An American teenager’s sixteenth birthday generally comes with the freedom of releasing oneself from the shackles of the passenger seat. Teenagers are finally allowed to legally drive themselves and others to and from their favorite destinations. They can travel throughout their city or even state steering their cars and the lives in the direction they choose. A driver’s license allows teenagers to experience the thrill of cruising through life at their own speed. Of course, there is always tension between the privilege of being handed the keys and the responsibility of maneuvering safely through the public roadways. While teens embrace the change of pace, their newfound mobility understandably leaves many parents with anxiety. This anxiety is not unwarranted as teenagers statistically are involved in a great deal of accidents each year. Many teens struggle to recognize the consequences of distracted driving, sleep deprivation, and speeding until the possibility becomes a reality.
Teenage driving is a dangerous activity. Motor vehicle accidents are the number one leading cause of death for teens in this country. Every single day seven teens between the ages of 16 and 19 will die from a motor vehicle accident. That’s one teenager every three hours. During 2011, 2,560 teens suffered injuries that proved fatal after a car accident. In addition 292,000 were treated in emergency rooms around the country after a car accident. Considering that people between the ages of 15 – 24 represent only 14% of this nation’s population that figure is even more significant than it may appear at first glance. This age group accounts for a full 30% of the total costs of car accidents among males and 28% of the total costs for injuries among females. The total dollar amount for injuries relating to car accidents for men comes to a whopping $19 billion. For females, the total amount rings in at $7 billion. Although these statistics account for ages past the “teenage” years, the fact remains that the most at-risk group on the road are newly licensed drivers.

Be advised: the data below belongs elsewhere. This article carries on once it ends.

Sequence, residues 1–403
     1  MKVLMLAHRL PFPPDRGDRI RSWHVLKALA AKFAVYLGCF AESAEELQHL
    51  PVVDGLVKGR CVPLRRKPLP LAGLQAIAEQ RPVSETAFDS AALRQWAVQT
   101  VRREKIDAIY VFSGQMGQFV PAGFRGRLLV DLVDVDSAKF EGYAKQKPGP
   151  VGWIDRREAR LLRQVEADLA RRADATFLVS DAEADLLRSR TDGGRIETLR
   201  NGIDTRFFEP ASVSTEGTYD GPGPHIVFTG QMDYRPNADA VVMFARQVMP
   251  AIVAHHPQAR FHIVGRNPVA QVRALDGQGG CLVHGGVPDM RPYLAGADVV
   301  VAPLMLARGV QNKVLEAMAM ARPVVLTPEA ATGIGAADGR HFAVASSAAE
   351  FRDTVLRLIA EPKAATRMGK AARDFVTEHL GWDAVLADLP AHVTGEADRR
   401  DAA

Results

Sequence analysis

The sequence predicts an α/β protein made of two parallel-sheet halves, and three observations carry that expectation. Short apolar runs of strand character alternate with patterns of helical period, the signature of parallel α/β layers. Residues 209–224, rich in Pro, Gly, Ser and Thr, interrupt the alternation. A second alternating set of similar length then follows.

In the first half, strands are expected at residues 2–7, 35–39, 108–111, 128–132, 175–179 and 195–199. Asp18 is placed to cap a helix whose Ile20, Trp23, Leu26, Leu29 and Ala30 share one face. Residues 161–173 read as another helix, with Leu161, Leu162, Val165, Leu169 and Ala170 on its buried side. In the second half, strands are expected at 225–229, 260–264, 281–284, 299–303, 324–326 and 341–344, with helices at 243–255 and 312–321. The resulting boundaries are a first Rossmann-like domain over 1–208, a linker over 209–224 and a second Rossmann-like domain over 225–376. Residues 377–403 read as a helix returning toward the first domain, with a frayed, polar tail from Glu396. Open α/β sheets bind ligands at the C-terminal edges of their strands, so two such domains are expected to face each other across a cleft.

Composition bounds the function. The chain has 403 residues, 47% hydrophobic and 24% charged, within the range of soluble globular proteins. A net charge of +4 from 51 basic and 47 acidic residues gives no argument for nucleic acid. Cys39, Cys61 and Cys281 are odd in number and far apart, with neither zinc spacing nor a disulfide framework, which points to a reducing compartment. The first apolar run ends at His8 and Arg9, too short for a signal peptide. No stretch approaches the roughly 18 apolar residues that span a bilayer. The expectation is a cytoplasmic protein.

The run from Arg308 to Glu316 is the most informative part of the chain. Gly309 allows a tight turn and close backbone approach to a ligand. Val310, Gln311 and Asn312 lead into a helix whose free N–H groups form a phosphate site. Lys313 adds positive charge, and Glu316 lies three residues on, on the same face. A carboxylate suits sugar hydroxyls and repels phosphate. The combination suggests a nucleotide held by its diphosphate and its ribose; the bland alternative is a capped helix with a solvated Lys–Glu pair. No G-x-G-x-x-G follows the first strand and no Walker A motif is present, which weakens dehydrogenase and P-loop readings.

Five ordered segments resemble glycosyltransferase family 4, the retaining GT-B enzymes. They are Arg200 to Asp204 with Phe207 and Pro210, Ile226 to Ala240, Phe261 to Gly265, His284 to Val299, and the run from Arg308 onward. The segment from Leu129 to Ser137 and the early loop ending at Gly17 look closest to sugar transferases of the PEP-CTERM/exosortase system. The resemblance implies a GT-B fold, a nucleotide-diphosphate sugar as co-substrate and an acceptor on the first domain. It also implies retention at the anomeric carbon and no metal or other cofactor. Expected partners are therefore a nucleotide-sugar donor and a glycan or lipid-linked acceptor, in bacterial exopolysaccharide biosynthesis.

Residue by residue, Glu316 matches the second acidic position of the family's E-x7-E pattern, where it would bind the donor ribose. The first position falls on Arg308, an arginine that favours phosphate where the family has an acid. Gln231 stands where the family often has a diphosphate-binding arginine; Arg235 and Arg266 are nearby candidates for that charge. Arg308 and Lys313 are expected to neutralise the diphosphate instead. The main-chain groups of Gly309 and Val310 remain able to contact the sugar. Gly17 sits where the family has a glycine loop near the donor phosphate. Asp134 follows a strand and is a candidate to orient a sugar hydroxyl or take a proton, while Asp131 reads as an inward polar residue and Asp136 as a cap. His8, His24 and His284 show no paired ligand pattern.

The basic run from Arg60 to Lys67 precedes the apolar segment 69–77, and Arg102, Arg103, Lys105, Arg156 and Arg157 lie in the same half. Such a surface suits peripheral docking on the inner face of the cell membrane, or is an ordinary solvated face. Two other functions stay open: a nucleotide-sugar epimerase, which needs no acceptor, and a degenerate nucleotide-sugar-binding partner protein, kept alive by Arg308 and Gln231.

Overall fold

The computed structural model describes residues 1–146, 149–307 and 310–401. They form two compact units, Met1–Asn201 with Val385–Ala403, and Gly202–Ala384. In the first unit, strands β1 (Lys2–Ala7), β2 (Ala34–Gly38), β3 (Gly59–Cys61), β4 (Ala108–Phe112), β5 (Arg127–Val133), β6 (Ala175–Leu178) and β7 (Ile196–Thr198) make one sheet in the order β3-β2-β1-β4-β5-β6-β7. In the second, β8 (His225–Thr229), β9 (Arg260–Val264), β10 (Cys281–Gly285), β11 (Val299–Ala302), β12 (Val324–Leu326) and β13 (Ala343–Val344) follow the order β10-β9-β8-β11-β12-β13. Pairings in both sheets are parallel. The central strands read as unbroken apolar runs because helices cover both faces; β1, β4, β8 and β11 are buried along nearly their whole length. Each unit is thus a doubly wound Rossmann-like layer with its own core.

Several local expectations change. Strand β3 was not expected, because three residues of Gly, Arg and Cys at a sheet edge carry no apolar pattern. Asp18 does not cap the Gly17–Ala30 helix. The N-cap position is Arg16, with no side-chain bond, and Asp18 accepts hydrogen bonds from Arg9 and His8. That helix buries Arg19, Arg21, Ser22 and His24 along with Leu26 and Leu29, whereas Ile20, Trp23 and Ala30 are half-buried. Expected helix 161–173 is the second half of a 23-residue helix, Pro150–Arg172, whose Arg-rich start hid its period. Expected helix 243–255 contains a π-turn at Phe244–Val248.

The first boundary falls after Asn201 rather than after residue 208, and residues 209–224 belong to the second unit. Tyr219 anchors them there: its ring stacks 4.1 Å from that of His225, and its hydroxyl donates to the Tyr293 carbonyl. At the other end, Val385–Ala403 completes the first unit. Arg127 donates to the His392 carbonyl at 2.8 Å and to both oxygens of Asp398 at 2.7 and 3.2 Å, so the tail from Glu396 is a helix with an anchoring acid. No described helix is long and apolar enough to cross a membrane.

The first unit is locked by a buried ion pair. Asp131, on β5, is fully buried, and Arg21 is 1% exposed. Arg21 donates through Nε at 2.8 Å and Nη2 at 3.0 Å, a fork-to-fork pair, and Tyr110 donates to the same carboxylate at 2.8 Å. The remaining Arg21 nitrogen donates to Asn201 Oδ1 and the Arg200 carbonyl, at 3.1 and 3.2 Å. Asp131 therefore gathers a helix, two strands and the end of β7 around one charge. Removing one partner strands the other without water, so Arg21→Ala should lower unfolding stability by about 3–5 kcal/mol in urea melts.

Recognizing the risk factors can help teens, their parents, and those they share the road with gain a little peace of mind. Teens are naturally geared to be bad at evaluating risks. Don’t engage in road rage behaviors with a young driver, as their tendency to escalate situations beyond their comfort zone is inherent. If you have a teenage driver, insist that speed limits are obeyed. During 2012, 37% of all male drivers between 15 and 20 years of age were speeding when they were involved in fatal accidents. Statistically speaking teens are notoriously bad at remembering to wear their seat belts. In 2013, only 55% of high school students reported that they always wear their seat belt. Seat belts save lives. It is much more likely that a person will walk away from an accident if they are wearing a seat belt prior to impact. The state of Massachusetts has continuously worked to create laws to help prevent further injury to teenage drivers.